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21,000 Californians With Disabilities Lost Jobs Even Before the Coronavirus

RespectAbility to hold LA session on Thursday, March 12th on “How Disability Inclusion & Equity Can Add to Your Success”

Los Angeles, CA, Mar. 9 – Even as coronavirus quickly escalates into a major economic disruption for the nation, new data shows that Californians with disabilities already were struggling to keep their place in the state’s labor force.

According to the recently released 2019 Annual Disability Statistics Compendium, there are more than 1.8 million working-age Californians living with a disclosed disability, but only 700,456 have jobs. That puts putting California’s disability employment rate at just 36.9 percent, below the already low national average of 37 percent. This rate is less than half of the 75.6 percent of Californians without disabilities who have jobs.

Studies by the nonpartisan disability inclusion organization RespectAbility shows that more than 21,000 working-age Californians with disabilities left the workforce in 2018, a substantial retrenchment after two years of significant job gains for job seekers with disabilities.

“This is a major loss for the state and for California’s disability community,” said Jennifer Laszlo Mizrahi, RespectAbility’s Founder. “People with disabilities overwhelmingly want to work but they are losing ground and being excluded from California’s vibrant economy. Today, with the coronavirus, we are worried about job security for all people. But we are especially concerned for people with disabilities, many of whom need income from work to pay for additional healthcare costs and who may be living paycheck to paycheck to maintain their ability to live independently in the community.”

According to the latest analysis by Glassdoor, prior to the onset of the virus there were 219,000 job openings in the greater Los Angeles metropolitan area alone, with more than half a million working-age Angelenos living with a disability, according to the Institute on Disability. Disability includes those with readily apparent conditions such as blindness, deafness or spinal cord injuries as well as nonvisible disabilities including mental health conditions, learning disabilities or Autism.

“This population has talents, skills and drive, but has been consistently underutilized by Los Angeles employers,” said Matan Koch, Director of RespectAbility California and Jewish Leadership. “We need to work together to find solutions that will advance opportunities for a more inclusive economy. Workers with disabilities are a pool of loyal talent, bringing innovation and success to organizations.”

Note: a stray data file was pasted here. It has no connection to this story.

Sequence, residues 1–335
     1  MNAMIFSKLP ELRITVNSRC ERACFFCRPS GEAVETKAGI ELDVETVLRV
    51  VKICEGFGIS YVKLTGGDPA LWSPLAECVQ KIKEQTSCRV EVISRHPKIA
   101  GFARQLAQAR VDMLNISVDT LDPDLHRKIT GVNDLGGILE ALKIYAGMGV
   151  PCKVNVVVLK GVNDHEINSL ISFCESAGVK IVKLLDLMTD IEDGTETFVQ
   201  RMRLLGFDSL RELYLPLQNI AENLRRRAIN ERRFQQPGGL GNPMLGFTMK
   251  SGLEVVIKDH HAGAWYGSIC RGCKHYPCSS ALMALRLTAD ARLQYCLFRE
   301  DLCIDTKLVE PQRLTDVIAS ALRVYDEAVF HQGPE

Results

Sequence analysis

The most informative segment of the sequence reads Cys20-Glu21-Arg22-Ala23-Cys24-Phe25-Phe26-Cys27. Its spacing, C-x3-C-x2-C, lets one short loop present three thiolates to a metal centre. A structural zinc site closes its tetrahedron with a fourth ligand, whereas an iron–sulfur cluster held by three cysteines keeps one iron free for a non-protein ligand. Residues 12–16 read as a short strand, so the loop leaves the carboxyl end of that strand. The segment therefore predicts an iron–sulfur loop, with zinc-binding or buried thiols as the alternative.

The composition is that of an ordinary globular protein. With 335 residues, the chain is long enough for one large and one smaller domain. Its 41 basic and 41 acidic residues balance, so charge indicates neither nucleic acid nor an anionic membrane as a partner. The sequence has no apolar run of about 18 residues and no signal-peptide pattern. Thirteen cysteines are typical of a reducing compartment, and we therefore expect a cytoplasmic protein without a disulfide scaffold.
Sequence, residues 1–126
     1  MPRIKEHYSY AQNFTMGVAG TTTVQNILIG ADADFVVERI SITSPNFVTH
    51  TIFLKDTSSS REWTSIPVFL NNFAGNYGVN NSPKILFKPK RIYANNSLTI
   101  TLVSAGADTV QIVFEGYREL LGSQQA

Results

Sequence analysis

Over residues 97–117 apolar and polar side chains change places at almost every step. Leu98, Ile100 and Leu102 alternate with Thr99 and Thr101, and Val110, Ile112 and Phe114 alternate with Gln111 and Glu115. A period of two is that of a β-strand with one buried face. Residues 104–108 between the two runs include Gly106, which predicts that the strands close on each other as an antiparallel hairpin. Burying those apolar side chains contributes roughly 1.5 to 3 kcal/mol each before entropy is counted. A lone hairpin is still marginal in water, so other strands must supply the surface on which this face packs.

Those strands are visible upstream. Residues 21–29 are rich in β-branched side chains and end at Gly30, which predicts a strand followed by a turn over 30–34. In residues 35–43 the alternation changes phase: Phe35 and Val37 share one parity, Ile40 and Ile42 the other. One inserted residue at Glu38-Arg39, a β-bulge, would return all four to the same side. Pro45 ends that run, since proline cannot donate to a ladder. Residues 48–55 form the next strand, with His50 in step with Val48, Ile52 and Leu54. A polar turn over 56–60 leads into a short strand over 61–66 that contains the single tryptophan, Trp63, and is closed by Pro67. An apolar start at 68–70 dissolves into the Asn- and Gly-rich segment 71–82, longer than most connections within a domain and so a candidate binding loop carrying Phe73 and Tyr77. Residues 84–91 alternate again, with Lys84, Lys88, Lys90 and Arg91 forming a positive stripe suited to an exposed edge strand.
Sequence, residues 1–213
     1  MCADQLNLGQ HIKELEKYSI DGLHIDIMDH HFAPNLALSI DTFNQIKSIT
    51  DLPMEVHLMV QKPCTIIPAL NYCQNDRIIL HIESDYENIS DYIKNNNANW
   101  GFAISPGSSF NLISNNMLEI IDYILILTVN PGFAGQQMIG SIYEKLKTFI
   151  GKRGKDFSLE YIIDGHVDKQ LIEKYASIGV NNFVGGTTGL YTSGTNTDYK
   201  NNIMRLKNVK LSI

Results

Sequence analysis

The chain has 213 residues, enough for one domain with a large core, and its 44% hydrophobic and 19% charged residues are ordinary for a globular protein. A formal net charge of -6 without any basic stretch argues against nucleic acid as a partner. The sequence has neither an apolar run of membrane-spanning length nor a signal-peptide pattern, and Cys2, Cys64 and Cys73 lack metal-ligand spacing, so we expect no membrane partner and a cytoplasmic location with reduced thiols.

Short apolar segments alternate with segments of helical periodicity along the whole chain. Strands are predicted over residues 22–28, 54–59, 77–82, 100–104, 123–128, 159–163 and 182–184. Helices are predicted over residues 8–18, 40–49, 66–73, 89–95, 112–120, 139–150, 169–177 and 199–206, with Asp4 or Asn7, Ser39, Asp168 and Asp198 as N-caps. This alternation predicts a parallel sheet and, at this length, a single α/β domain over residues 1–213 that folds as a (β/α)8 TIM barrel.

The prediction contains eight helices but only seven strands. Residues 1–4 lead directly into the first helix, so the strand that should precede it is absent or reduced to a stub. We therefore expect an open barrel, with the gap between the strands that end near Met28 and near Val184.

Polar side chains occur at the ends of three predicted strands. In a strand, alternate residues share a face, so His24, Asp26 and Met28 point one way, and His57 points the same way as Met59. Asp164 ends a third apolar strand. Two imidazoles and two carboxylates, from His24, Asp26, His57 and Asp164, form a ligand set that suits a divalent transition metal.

On Thursday, March 12th at noon at the LA Campus of Hebrew Union College, RespectAbility will hold a free lunch session on “How Disability Inclusion & Equity Can Add to Your Success.”

This session is open to the media and is for employers, philanthropists, nonprofits, social justice activists, faith leaders and diversity professionals. Speakers include Matan Koch, Director of RespectAbility California and Jewish Leadership, Lauren Appelbaum, Vice President of RespectAbility and Tatiana Lee, Hollywood Inclusionist at RespectAbility.

Said Koch, “This year climate crisis activist Greta Thunberg was recognized as TIME magazine person of the year. Autistic, she calls her neurodivergence her ‘superpower.’ History indicates some of the most talented and impactful people on earth also have disabilities – from Harriet Tubman who had epilepsy and Thomas Edison who was deaf to artist Frida Kahlo with mobility disabilities. California employers must not miss out on this talent.”

RSVPs are required. For more information and to register go here: https://www.respectability.org/2019/08/los-angeles-how-disability-inclusion-equity-can-add-to-your-success/

For more information contact:

Matan Koch, VP of Workforce and Faith Programs: [email protected]
Lauren Appelbaum, VP of Entertainment and News Media: [email protected]

Meet the Author

Philip Pauli

Philip Kahn-Pauli is the Policy and Practices Director of RespectAbility, a nonprofit organization fighting stigmas and advancing opportunities for people with disabilities. He works with state leaders to develop solutions for youth with disabilities, support job seekers with disabilities and open pathways into the workforce. To reach him, email [email protected]

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